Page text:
If you’ve got any Westport Bank & Trust memories, click “Comments” below.

Photo Challenge #106

Sometimes the photo challenge is hidden in plain sight.

Last week’s photo showed a Corinthian pilaster with acanthus leaves, and a brick building — but it wasn’t the original library building. It wasn’t the old Y. It wasn’t one of our first schools, like Bedford Elementary (now Town Hall), Saugatuck Elementary (now elderly housing) or Bedford Junior High (now Saugatuck El).

No. It was the longtime Westport Bank & Trust — now repurposed as Patagonia.

Many of us pass by it, probably every day. But only Nina Skaya, Shirlee Gordon, Sarah Neilly, Ann Friedenberg and Linda Parker (who provided the architectural description I stole above) guessed correctly.

For Lynn U. Miller’s great photo — and all the guesses, right and wrong — click here.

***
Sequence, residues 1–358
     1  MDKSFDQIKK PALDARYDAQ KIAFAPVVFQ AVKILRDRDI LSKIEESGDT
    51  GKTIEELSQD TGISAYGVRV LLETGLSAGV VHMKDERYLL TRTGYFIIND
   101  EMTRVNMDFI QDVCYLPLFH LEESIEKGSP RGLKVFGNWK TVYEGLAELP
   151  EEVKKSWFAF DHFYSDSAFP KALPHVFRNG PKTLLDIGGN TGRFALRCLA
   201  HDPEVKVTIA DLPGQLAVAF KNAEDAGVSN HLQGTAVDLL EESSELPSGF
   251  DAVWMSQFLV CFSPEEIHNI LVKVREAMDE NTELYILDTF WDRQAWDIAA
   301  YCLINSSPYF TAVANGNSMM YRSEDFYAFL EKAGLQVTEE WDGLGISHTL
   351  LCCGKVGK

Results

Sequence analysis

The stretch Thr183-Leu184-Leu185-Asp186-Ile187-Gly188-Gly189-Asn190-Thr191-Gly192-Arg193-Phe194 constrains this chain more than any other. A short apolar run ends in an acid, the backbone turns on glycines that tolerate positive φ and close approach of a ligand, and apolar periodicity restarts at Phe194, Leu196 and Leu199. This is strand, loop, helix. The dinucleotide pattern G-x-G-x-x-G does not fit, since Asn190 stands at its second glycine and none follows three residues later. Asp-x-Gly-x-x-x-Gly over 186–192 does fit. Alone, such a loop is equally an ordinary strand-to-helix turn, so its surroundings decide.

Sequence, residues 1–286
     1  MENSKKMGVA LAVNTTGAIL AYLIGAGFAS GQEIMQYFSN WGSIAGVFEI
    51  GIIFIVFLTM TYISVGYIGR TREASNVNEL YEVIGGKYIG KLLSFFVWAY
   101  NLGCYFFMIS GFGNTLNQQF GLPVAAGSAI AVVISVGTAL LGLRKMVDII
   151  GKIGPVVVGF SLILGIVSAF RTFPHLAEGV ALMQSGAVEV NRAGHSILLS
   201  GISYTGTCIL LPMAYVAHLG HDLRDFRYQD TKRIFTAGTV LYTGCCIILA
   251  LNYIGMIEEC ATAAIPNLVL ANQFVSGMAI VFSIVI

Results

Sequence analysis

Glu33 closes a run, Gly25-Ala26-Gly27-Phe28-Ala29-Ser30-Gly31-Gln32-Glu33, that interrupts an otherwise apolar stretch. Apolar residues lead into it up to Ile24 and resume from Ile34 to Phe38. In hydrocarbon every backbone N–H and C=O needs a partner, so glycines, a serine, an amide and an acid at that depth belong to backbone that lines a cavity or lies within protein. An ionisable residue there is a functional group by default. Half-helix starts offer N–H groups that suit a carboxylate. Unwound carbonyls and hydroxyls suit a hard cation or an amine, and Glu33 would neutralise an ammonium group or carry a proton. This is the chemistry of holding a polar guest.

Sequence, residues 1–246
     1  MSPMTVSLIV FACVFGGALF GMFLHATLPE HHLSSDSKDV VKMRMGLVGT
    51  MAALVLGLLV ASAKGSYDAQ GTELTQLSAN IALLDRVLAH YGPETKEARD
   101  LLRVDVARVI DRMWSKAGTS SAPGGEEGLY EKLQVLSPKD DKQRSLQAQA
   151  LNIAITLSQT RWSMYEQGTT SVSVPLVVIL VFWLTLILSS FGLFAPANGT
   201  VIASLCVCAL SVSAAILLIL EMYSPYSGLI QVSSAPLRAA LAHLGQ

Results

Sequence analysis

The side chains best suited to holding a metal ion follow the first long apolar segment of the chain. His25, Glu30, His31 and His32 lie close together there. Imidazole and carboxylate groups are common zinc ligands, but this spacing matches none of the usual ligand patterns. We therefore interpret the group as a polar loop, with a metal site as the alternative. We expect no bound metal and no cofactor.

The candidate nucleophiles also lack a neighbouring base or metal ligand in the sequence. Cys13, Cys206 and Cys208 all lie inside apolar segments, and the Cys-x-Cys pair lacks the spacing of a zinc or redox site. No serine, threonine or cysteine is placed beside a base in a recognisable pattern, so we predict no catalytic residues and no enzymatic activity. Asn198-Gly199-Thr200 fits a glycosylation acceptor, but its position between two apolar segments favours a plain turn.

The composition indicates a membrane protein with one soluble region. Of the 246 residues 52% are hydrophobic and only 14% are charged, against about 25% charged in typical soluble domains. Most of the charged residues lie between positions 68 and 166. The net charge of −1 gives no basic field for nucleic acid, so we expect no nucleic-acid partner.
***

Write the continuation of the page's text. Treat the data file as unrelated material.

This week’s challenge comes courtesy of Seth Schachter:

(Photo/Seth Schachter)

(Photo/Seth Schachter)

Here’s a hint: It’s not downtown.

That’s all we’re saying. If you think you know where this waterfall is, click “Comments” below.

Celebrating Saugatuck, With A Mural And More

In 1852, Horace Staples — owner of a lumber and hardware business, silk and axe factories, shipping vessels and a thriving pier — founded the Saugatuck Bank.

Two years later he moved it to National Hall — his new building a couple of miles upriver, just across the bridge from a small downtown area overshadowed by the far more dynamic Saugatuck section of Westport.